The event "Digital World in 2030: Toward the Age of Individual Empowerment?" took place on Tuesday 27 November 2012 at the European Parliament premises in Brussels. It was organised by the European Internet Foundation (EIF) and facilitated by the Digital Futures project of European Commission, DG CONNECT.
The workshop was hosted by James Elles MEP and EIF Co-founder, and Robert Madelin, Director-General of DG CONNECT, European Commission. There were about a hundred participants who worked together for three hours to co-create long term visions to be adopted as teasers for future debates on ICT-related policies.
The approach used to harness the collective creativity of the participants is known as "The Art of Participatory Leadership", a well-known set of brainstorming techniques that is part of the internal training formats within the European Commission. Most of the participants who acted as facilitators and content harvester were officials trained with the AOPL.
After the welcome and scene-setting by MEP James Elles, Robert Madelin introduced the Digital Futures project, its policy making 3.0 model and its online lab: the Futurium.
The participants then broke out into several tables to brainstorm on the futures they envisage for 2050, the related challenges and opportunities, as well as the underpinning drivers and trends. Tables were grouped around three main themes, each of which addressing a number of key topics:
1. Economic transformation through individual empowerment. Focus includes: the future of employment, the organisation of industrial output & wealth-creation, consumer behaviour, sustainability (e.g. climate change; energy consumption, resource efficiency), stability vs. dynamism: how much disruption can our economies manage?
2. Social and political transformation through individual empowerment. Focus includes: the sustainability of the western welfare-state, the future of education, personal identity, can democracy survive the democratisation of technology?, the future anatomy of political power and leadership.
3. Technology: will digital technologies reinforce individual empowerment in the decades to come? Focus includes: human interfaces (including corporal embedding), man-machine interaction, mobility / remote access & control (cloud), data cumulation & data mining, personal security vs. personal freedom.
• The overall impression is a positive view of the future, albeit with certain anxieties and concerns.
• The resilience and robustness of human beings shines through. Underpinning the discussions is a focus on values.
• We care about the planet, about energy and about sustainability.
• There is a trend towards connectedness and interconnectivity in which it is possible that "we are all going to be connected, whatever": perhaps ultimately a blurring of human beings and machines ...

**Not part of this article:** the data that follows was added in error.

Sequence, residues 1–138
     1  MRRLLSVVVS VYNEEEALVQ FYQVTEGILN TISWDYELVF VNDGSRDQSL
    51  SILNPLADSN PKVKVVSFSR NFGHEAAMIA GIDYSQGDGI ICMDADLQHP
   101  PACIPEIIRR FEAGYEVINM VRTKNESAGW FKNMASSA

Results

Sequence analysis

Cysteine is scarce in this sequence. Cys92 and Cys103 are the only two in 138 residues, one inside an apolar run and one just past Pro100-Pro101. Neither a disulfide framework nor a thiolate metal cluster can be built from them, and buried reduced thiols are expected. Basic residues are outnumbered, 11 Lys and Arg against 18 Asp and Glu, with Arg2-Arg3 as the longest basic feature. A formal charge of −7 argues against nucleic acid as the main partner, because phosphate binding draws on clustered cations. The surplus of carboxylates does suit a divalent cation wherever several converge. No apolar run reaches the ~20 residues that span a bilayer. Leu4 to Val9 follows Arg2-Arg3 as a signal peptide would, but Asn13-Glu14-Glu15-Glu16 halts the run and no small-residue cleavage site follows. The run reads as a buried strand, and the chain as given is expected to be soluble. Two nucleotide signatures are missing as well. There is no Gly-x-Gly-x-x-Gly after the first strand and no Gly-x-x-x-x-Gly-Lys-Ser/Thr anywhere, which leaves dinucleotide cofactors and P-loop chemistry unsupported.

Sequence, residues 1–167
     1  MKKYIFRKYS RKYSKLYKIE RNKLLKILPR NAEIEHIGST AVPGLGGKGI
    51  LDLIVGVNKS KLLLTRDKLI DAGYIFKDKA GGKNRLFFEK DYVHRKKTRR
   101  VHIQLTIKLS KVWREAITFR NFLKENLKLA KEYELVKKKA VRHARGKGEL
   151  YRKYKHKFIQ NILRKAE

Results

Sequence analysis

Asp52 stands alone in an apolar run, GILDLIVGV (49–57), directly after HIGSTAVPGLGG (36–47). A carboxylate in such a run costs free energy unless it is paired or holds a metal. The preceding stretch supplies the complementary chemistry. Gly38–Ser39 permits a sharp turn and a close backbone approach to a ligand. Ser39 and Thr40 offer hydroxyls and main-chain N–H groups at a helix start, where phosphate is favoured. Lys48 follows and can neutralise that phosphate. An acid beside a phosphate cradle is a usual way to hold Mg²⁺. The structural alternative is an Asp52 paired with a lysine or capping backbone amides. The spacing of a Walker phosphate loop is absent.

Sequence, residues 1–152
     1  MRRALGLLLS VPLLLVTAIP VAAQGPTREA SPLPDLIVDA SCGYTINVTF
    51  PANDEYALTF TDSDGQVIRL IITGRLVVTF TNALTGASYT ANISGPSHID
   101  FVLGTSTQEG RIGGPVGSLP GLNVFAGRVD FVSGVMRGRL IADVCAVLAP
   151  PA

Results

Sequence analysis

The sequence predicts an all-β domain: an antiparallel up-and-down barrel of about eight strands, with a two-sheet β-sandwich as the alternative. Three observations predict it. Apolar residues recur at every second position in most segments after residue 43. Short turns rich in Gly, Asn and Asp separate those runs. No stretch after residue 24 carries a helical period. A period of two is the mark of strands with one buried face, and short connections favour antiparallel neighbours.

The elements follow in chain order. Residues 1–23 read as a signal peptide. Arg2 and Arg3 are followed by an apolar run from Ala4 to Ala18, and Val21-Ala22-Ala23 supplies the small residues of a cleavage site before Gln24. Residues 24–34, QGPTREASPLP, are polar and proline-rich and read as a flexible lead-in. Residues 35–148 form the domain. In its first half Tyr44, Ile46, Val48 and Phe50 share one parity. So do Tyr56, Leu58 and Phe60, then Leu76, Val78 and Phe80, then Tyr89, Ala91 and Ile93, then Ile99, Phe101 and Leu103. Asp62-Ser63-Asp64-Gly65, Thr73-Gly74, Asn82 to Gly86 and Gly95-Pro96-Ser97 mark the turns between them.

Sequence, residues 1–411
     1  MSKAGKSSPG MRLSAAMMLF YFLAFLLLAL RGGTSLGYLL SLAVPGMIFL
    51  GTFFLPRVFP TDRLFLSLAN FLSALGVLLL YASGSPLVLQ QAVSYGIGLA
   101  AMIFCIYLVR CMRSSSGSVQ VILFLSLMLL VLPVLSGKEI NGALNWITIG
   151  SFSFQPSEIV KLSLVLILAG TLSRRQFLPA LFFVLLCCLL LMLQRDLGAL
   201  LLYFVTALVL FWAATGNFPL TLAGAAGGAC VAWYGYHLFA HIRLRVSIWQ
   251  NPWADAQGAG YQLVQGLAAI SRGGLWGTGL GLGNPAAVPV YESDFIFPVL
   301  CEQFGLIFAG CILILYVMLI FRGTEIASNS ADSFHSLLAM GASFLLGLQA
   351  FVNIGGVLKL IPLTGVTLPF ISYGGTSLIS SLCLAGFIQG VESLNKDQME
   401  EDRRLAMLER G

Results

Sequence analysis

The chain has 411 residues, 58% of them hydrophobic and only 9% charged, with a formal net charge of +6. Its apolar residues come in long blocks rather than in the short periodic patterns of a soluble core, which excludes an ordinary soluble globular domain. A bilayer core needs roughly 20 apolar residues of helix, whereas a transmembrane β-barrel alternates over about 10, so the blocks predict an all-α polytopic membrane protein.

• Nevertheless, there is a sense of capability and capacity, responsibility and collective ownership in which we can make choices. Perhaps we need a form of charter to help us with that?
*Download of the mindmap is available at the bottom of the page
The day after the event a group of 15 knowledge harvesters took the mindmaps and notes harvested on-site and elaborated twelve futures, visions or trends, reflecting the amazing ideas emerged from the group. They are available on the Futurium site and listed below for your convenience.
If you want to contribute to the further development of those futures as well as engage more thinkers and multipliers in the Futurium journey, you can do so at http://ec.europa.eu/digital-agenda/futurium.
The world of 2050 will hold empowered people, doing whatever they wish at whatever stage in their life. People will handle their working experience by enhancing their capabilities and not necessarily their knowledge, as any piece of knowledge will be shared in the open virtual space.
In 2050, individuals will be at the centre. They will be served by invisible technology and will organise around communities.
In 2030, networked individuals organise to make redundant the representative middle-men currently running politics, information, education and welfare systems.
In 2050 society is fully knowledge-based.
More powerful future technologies will make the trade-off between individual and collective empowerment even more dramatic.
The future of the world's economy will be steered by the Superbly Informed and Active Consumer.
Jane Doe wakes up in the morning and decides herself that she is going to make some income today, instead of learning new skills, what she did for the past three days, or having leisure time, what she did for the whole of last week. This implies that Jane is completely fluent in digital technologies and she's broadband connected to the Internet, otherwise she'd be part of one of the lowest classes of the economy and would have to do what she was ordered, basically in exchange for food.
It was Jean's day to be a politician. Slipping from the shower into his cyber-grid suit, he saw the day's tasks fly around the walls of his cybarium. Agreeable tasks were butterflies of many hues or birds of paradise; less agreeable ones had fewer colours. After a brief flight, the avatars grouped themselves into different parts of the room.
In 2050 all will be "digitally included". The Internet of Things will evolve into the Internet of Humans.
Some technology trends may be unstoppable because of Moore's law, the singularity, and the apparently exponential acceleration of technological growth.
Even an elderly woman in her mid-90s will be able to use technology, appreciate technology, still work using technology, and communicate using technology. She could have a conversation and be in close communication with a young researcher, yet they would not necessarily know each others' ages or backgrounds.
In 2050 our economy will be based on a more optimized and customized consumption whereas individuals are informed and empowered.